South East Wales

Gwent music service: Elitism fears over Newport plan

Image caption The council said it recognised the value of music but needed to concentrate on 'frontline education'

Performers say they fear proposed cuts to a service that helps children learn to play instruments will lead to music becoming elitist.

Newport council plans to reduce the Gwent Music Support Service (GMSS) budget by around 40%.

Young musicians held an impromptu concert outside Newport council offices on Wednesday in protest.

The council said it recognised the value of music but needed to concentrate on frontline education.

GMSS teaches pupils to play instruments, organises orchestras and bands, and provides practice facilities.

The cost is shared between Newport, which contributes £290,000, Torfaen (£220,000) and Monmouthshire (£260,000) councils.

But the service does not have to be provided by law.

Welsh actress Caroline Sheen, who has played stage roles in the West End, told BBC Wales she was concerned about the effect cuts might have on pupils from deprived backgrounds.

"Music is going to become an elitist thing for just the children who can afford it," she said.

"We know there's very deprived areas... where people can't afford it."

She said the service was a big part of her musical education when she was growing up.

"I learned to play the clarinet, to play the violin through the peripatetic teachers who were all brilliant," she said.

'Underprivileged families'

"I had access to instruments I wouldn't have necessarily had access to without them because musical instruments are expensive and there was a way of getting them through the support service.

"I'm really upset that there might be cuts... which have a massive effect on the children."

On Wednesday, about 60 current and former members of the service played music outside Newport council as a protest.

GMSS student Florence Mayo, who has been playing for three years, said she was concerned for her friends.

"Many people who come from underprivileged families will not be able to come along if the cuts are made," she said.

"It will affect many of my friends because many of my friends want to go on through the service to musical lives.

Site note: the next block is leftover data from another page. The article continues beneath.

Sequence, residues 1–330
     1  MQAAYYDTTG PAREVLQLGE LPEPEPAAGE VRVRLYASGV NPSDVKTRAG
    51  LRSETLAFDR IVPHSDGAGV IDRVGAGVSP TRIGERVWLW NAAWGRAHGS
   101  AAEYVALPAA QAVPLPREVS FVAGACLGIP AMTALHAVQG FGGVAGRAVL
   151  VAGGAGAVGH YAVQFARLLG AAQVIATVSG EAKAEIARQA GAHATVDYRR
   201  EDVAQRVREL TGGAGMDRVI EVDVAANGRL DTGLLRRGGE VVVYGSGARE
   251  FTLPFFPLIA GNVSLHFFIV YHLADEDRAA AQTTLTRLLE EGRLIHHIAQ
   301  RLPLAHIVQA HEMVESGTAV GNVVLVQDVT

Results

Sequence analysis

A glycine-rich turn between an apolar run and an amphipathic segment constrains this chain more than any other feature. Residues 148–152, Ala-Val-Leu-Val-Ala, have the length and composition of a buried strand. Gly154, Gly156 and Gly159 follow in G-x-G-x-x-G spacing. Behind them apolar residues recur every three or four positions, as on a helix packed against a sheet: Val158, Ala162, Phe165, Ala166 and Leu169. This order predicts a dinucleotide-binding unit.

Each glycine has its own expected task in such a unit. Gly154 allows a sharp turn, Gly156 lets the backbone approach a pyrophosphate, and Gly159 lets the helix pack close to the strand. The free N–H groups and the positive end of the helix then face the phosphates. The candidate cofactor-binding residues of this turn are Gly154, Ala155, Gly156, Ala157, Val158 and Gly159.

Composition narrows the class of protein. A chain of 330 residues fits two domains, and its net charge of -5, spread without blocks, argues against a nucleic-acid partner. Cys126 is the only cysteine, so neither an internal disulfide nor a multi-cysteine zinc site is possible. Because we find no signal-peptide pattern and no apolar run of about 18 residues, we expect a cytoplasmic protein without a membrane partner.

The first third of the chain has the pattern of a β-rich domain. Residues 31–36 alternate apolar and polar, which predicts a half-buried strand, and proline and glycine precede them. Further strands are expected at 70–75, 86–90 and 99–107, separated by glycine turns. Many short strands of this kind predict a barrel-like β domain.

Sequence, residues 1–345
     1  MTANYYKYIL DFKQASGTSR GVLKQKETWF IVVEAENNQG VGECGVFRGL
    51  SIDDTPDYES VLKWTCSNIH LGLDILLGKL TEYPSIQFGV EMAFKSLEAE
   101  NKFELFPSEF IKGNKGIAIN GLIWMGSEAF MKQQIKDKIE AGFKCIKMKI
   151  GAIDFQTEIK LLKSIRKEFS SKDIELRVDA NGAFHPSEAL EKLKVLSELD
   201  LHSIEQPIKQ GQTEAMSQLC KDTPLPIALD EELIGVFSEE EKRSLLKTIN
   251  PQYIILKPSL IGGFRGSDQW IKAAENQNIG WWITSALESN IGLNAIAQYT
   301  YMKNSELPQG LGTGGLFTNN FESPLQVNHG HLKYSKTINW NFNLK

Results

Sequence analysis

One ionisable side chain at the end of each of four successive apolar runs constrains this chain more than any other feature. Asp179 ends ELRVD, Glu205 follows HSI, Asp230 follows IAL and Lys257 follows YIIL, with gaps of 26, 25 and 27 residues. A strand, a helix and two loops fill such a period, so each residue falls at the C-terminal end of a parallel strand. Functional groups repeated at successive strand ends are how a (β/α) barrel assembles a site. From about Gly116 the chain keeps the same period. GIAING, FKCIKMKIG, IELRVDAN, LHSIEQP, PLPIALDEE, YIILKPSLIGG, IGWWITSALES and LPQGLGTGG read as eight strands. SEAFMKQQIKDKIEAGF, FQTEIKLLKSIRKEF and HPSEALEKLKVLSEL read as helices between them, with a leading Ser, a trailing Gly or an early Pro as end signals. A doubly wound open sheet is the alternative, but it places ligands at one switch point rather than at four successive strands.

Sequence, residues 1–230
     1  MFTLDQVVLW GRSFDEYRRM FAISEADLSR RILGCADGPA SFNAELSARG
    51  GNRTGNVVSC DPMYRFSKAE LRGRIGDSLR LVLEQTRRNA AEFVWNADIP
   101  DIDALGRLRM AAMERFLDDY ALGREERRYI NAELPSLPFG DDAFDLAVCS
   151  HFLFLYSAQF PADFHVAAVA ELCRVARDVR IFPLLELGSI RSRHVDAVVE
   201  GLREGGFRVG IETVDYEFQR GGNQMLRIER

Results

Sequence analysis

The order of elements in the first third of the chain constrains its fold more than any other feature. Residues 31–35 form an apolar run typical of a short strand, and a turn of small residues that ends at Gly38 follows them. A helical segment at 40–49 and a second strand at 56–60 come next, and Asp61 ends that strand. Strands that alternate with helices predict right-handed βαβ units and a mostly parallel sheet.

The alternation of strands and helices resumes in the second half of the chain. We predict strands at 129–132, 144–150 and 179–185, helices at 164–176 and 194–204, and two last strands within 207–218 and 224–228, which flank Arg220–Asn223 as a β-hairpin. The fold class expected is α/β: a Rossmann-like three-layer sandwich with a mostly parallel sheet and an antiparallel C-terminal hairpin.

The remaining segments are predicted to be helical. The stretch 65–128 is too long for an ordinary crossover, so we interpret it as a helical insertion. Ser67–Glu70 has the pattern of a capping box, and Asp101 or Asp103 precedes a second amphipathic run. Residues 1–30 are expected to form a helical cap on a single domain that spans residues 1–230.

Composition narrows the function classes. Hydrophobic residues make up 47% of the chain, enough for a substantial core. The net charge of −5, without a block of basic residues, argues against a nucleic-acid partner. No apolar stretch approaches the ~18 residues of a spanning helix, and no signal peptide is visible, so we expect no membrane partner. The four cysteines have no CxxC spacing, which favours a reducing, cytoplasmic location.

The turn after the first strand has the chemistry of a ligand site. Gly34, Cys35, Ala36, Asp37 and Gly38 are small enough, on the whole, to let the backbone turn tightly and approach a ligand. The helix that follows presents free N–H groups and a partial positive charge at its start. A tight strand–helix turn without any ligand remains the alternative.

"If the cuts are made, they won't be able to come along any more and it's quite sad actually."

Newport City Council said it was consulting on a number of savings proposals to help tackle a shortfall of more than £8m in next year's budget.

"The proposal relating to Gwent Music Support Services is to remove its funding, not to end the service," said a spokesperson for the council.

Drop in spending

"It aims to help make it become self-sufficient while also finding ways to offer some financial support to less well off students.

"This could include the creation of a local fund supported by the city council, local businesses and parents to ensure that any child who needs a small amount of funding to pursue their interest in music can be helped.

"As with other extra-curricular activities, schools - many of whom have surpluses in their budgets - can opt to 'buy' the service for their pupils."

The local authority is not alone in having to consider these types of cuts in the current economic climate.

BBC Wales research in 2011 indicated there had been a £500,000 drop in spending on school music lessons in Wales since a review was published in 2010.

It found that in some areas parents had to pay for music lessons while they were free in others.

In 2008, Ceredigion council faced protests after cutting back harp lessons

And a host of music stars including Bryn Terfel, Katherine Jenkins and rock band Super Furry Animals wrote to the then First Minister Rhodri Morgan in 2006 urging an end to the "postcode lottery" for music lessons.

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